While many expect employees to be loyal to the company, James B. Heller says there are times when the company needs to stand up and be loyal to its employees.
As president of ka architecture, Heller recalls an architect whose client was so angry that the employee was sure he was going to lose his job. Instead, Heller supported the company man and helped him work out the issue — mending the client relationship and cementing the employee’s loyalty in one stroke.
Smart Business spoke with Heller about why the customer isn’t always right and why you can’t always take on every project.
Q: What are some pitfalls a CEO should try to avoid?
Typically, I might get a phone call from a client who identifies a concern. They say, ‘This is happening on this particular project.’ There’s a problem there, whatever it might be. One pitfall is to too quickly jump on that particular project manager and always side with the client. The typical comment, ‘The client is always right’ — well, don’t fall into that trap. Have a face-to-face conversation with that staff person. Understand there are always two sides to every story, and work with that person to solve the problem. Don’t jump down on that person.
We’ve been doing a better job of supporting our people over the last couple years. Even saying that to the client, saying, ‘Look, I’ll look into it. I’ll get back to you, and we’ll figure out a resolution.’
Also, you can always get caught when a client starts talking about a particular project and saying they have to get this project done by a certain date. Without thinking, because of my zealousness and aggressiveness to get a new project or new client, I will commit to a timing circumstance too quickly: ‘Oh yeah, we can get that done in the next three days.’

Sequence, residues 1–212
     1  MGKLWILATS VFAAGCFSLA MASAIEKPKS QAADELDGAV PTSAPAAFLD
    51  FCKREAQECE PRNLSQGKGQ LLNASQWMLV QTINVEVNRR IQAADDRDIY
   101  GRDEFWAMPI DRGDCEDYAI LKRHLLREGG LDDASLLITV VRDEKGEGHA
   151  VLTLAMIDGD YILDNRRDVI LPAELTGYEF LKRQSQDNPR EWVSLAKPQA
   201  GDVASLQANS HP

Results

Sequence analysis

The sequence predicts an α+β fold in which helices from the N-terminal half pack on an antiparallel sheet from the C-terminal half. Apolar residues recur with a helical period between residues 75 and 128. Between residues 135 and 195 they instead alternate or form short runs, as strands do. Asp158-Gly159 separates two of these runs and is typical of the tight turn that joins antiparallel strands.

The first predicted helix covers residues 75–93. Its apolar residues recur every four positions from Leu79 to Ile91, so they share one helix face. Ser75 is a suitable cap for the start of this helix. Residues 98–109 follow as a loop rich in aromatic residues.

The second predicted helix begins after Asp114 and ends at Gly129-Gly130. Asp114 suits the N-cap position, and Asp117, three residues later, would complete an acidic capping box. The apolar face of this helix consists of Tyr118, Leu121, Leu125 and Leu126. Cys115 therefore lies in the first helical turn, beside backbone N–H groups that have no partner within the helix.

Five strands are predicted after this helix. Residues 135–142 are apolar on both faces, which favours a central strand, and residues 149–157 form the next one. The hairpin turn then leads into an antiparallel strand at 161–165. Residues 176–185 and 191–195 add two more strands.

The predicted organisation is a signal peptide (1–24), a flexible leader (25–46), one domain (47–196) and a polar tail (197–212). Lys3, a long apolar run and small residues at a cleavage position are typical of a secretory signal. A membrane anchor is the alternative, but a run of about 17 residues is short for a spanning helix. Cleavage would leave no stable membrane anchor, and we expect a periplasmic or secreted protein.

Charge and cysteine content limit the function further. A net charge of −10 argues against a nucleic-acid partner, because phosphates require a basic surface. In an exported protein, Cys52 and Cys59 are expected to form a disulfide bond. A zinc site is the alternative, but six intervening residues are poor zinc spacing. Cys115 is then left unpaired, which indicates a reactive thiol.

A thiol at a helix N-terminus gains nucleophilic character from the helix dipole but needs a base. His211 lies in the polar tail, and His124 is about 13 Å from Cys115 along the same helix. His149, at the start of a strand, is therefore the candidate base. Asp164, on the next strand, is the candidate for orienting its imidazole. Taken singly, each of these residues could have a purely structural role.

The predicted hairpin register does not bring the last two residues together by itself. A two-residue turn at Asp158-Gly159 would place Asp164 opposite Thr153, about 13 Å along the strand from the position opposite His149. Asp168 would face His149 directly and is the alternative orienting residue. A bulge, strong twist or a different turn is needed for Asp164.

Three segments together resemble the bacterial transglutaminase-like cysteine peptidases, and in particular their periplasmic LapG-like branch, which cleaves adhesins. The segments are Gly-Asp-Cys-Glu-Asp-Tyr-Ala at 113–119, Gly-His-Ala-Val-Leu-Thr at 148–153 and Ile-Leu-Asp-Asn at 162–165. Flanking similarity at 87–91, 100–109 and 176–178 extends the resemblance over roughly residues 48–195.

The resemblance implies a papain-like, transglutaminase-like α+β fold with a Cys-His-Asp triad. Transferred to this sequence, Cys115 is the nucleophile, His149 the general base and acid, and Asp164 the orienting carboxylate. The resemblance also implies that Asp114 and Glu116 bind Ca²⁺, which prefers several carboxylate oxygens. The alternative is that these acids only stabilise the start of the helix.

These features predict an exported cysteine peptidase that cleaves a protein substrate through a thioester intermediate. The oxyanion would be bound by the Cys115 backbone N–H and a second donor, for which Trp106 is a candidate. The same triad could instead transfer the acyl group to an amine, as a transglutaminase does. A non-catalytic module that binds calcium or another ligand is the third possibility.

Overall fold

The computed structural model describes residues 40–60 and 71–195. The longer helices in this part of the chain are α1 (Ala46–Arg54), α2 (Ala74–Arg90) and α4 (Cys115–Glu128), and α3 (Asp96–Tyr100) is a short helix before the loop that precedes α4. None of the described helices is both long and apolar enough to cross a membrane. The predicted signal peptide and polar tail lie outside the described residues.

That’s another thing I could easily fall into, which I no longer do. I no longer commit to anything that I am not physically doing. It’s always, ‘I’ll call you tomorrow or later today, I’ll let you know how soon I can get it done.’
Q: How do you manage business growth?
We have been very attentive to the types of projects who call us and what we can handle. We are looking to have relationships with clients that, No. 1, we know have a future, and No. 2, are projects that permit us to engage our staff, that are interesting to our staff, and that are also sensitive to the outside world and the environment.
We are selective in choosing the projects. Some make sense for us; some don’t make sense for us. If the project is one where we can learn and excite our staff, we are much more receptive than we used to be in the past. We used to just take everything, and that’s no longer the case.
As the company grows, let’s face it, you only have so much staff and so much time to do a project. And when you make a commitment, it’s important that you meet that commitment. We do our darnedest to meet that commitment. You don’t want to just hire staff for an upsurge in work, and then let the staff go. The human side of the story is much more important than just trying to get more work in the door, build it up and then cut it.
It’s not the way of handling the public or our staff, and because of it, we have a lot of longevity in our staff.
Q: How do you empower your employees to run projects?
They are given the full responsibility to handle all aspects of the project and interface and use myself as well as others in the office as a resource. They basically are taking that particular client and become their client.
We allow them to handle all aspects of the project, and the rest of the office becomes a resource to that team. There is still a continuity of the ‘ka’ way of doing a project, but they very much run the day-to-day of that particular project.
Q: What has been your greatest challenge in business?
You’re dealing with lots of different people and lots of different personalities. Certain folks have certain strengths. It’s a matter of balancing those strengths against one another and applauding what other folks do in the office — it’s real easy then for the outside client to say, ‘Jimmy, you did a great job.’
But you have to say, ‘It was really their doing, not mine,’ and commend them internally and externally.
That’s what it takes to bite your tongue a little bit. It takes the human resources side because the human touch can go a long way.
HOW TO REACH: ka architecture, (216) 781-9144 or www.architectureoflife.com